A Book Table of Contents in an eBook World

If you publish a long-form content piece on the web, you really owe it to your readers to provide navigational help. That seems obvious, but most things online that call themselves books (just one way of singling out long-form material) don’t go very far out of their way. If there’s any plain-old book table of contents, odds are it’s static or offers only chapter heading links. The web could stand to do a little better.

This article makes a start at thinking it through: what are the options for what, in the physical world, might be called the “table of contents.”

The final section of this piece also includes an overview of one approach to creating a book-like structure in WordPress and giving it a table of contents (though it’s built manually). With this approach, adding a ToC-specific menu for the book is trivial, if not entirely satisfactory.

Mind you, a book table of contents—that thing that, in English-language books, comes in the front before the actual content material—is only one navigation tool that can be provided in print books. There’s also, in nonfiction works, the index, which is just a much finer-grained table of contents that’s been sorted into alphabetical order.

Chapter summaries fall into the navigation category and occur even in fiction, though most often in older works, such as this example from Dickens:

Chapter 38: Mr. Samuel Weller, Being Entrusted With a Mission of Love, Proceeds to Execute it; With What Success Will Hereinafter Appear

Charles Dickens

Even the sidebar, beloved of textbooks, is a sort of navigational aid, in that it clearly signals that the material in the sidebar is incidental to the main flow of the text and could, if one were in a rush, be skipped for now.

In some instances, footnotes, too, are navigational, pointing to other sections of the book (what you might call “internal links”) or pointing to other works (“external links”).

But the main option is the table of contents, and that’s where we’ll spend most of our time in this piece. As a side note, never forget that your table of contents is another small element in your ebook marketing plan — people skim ToC’s to get a sense of whether the content suits their needs.

The Blog List as a Book Table of Contents

If you think of a blog in its entirety as a long-form work (which I don’t, but it’s a useful place to start), the reverse chronological listing of posts that appears on the top of the blog is as much ToC as you get.

It’s a terrible ToC and I think the reasons are fairly obvious: it doesn’t generally provide any sense of topical organization or how things fit together. It’s also generally designed so that the individual entries take up a lot of space, such that you have to click through lots of pages to get to things that didn’t appear quite recently.

Reflecting about what’s missing gives us a couple ideas about what makes a good online ToC. First, a ToC ideally conveys the internal structure of the work. Is there a first part that’s theoretical and a second part that’s about practical application? Great. Then the ToC should convey this. Second, it does this in a way that gives access to at least the top-level hierarchy of the work in one view. Readers should be able to move through the ToC without clicking through multiple places.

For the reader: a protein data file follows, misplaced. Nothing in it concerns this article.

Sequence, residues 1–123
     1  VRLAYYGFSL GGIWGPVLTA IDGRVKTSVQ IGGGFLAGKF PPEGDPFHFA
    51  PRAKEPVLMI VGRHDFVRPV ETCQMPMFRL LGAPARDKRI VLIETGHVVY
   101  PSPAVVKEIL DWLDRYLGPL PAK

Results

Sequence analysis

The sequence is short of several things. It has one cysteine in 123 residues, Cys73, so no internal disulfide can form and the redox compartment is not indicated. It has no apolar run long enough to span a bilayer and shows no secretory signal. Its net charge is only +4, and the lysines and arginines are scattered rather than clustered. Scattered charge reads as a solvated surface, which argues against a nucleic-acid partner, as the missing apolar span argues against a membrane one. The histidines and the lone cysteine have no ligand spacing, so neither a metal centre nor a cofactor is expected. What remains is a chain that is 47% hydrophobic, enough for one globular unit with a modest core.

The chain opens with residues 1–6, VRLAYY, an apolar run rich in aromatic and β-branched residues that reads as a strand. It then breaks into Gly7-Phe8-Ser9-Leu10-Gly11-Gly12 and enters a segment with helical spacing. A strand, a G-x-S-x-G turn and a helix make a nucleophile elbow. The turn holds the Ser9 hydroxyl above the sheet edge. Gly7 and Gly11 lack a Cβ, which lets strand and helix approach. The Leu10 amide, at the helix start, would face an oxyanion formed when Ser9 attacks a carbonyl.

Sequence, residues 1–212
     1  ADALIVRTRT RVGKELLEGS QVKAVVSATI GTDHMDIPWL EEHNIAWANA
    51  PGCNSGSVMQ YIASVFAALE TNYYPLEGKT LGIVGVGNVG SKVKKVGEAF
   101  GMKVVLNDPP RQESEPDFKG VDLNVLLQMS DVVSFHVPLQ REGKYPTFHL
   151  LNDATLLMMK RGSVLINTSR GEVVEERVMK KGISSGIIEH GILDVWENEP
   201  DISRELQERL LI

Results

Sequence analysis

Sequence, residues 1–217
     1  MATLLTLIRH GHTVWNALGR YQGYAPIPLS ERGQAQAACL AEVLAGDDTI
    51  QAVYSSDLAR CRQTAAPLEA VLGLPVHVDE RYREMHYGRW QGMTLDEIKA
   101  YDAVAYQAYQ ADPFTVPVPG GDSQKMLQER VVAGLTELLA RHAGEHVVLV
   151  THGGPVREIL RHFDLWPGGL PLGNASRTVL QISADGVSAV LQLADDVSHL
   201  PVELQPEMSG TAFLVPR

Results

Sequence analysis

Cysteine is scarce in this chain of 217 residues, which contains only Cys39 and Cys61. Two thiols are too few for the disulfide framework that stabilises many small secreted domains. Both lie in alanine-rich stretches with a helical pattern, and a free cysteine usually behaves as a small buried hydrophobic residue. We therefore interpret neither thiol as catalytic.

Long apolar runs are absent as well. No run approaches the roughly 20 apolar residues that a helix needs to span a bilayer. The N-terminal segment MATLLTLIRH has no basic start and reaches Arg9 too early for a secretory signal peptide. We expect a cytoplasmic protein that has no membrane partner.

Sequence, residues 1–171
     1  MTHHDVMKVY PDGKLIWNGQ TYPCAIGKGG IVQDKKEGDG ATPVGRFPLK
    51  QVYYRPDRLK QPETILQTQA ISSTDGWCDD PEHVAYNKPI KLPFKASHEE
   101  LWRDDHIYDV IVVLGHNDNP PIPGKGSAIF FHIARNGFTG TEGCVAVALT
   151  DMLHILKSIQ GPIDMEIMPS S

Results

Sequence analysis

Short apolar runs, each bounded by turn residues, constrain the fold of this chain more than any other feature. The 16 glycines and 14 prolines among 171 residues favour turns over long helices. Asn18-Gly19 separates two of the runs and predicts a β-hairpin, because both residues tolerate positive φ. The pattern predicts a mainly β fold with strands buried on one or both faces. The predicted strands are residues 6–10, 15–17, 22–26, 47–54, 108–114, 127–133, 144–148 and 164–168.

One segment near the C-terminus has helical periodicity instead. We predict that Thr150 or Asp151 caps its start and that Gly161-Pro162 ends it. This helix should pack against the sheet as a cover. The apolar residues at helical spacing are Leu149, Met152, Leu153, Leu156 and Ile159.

One fantastic additional element to an online ToC, as opposed to a print book, is that it should be available on every page in the work, and easily consulted without unintentionally losing one’s current place.

The PDF’s lost opportunity

We won’t linger on this, but it’s worth mentioning in passing that most PDF “eBooks” are a terrific example of how not to do this sort of thing. (And there’s a good argument that you shouldn’t be using PDFs for this stuff anyway…)

Because of the PDF’s heritage as a format that preserves the look and feel of printed pages, it’s not unusual to see a conventional print-style ToC at the front of one.

Even though it’s possible to make the text on these ToCs link to the pages they point to, as often as not, PDF designers don’t bother with this extra step.

Without putting too fine a point on it, this is missing the point of being online.

We won’t linger on the PDF, but one thing that is interesting is the way some readers will show some documents with thumbnail page images down one margin, so that you can jump to a specific page and have some general idea what that page looks like. In some formats, this means you can easily identify the starting pages of chapters. In works that have substantially different designs on different pages, you may even be able to jump directly to a page. It’s a nice touch and something that simply isn’t possible in print.

The eBook Table of Contents

Whereas print books tend to have a page that contains little more than the title and author of the book, this feels a little performative in an online work. In an online work, it seems better to have the title and author combined either with cover art or with the ToC, just depending on the style or nature (fiction or non-fiction, for instance) of the book.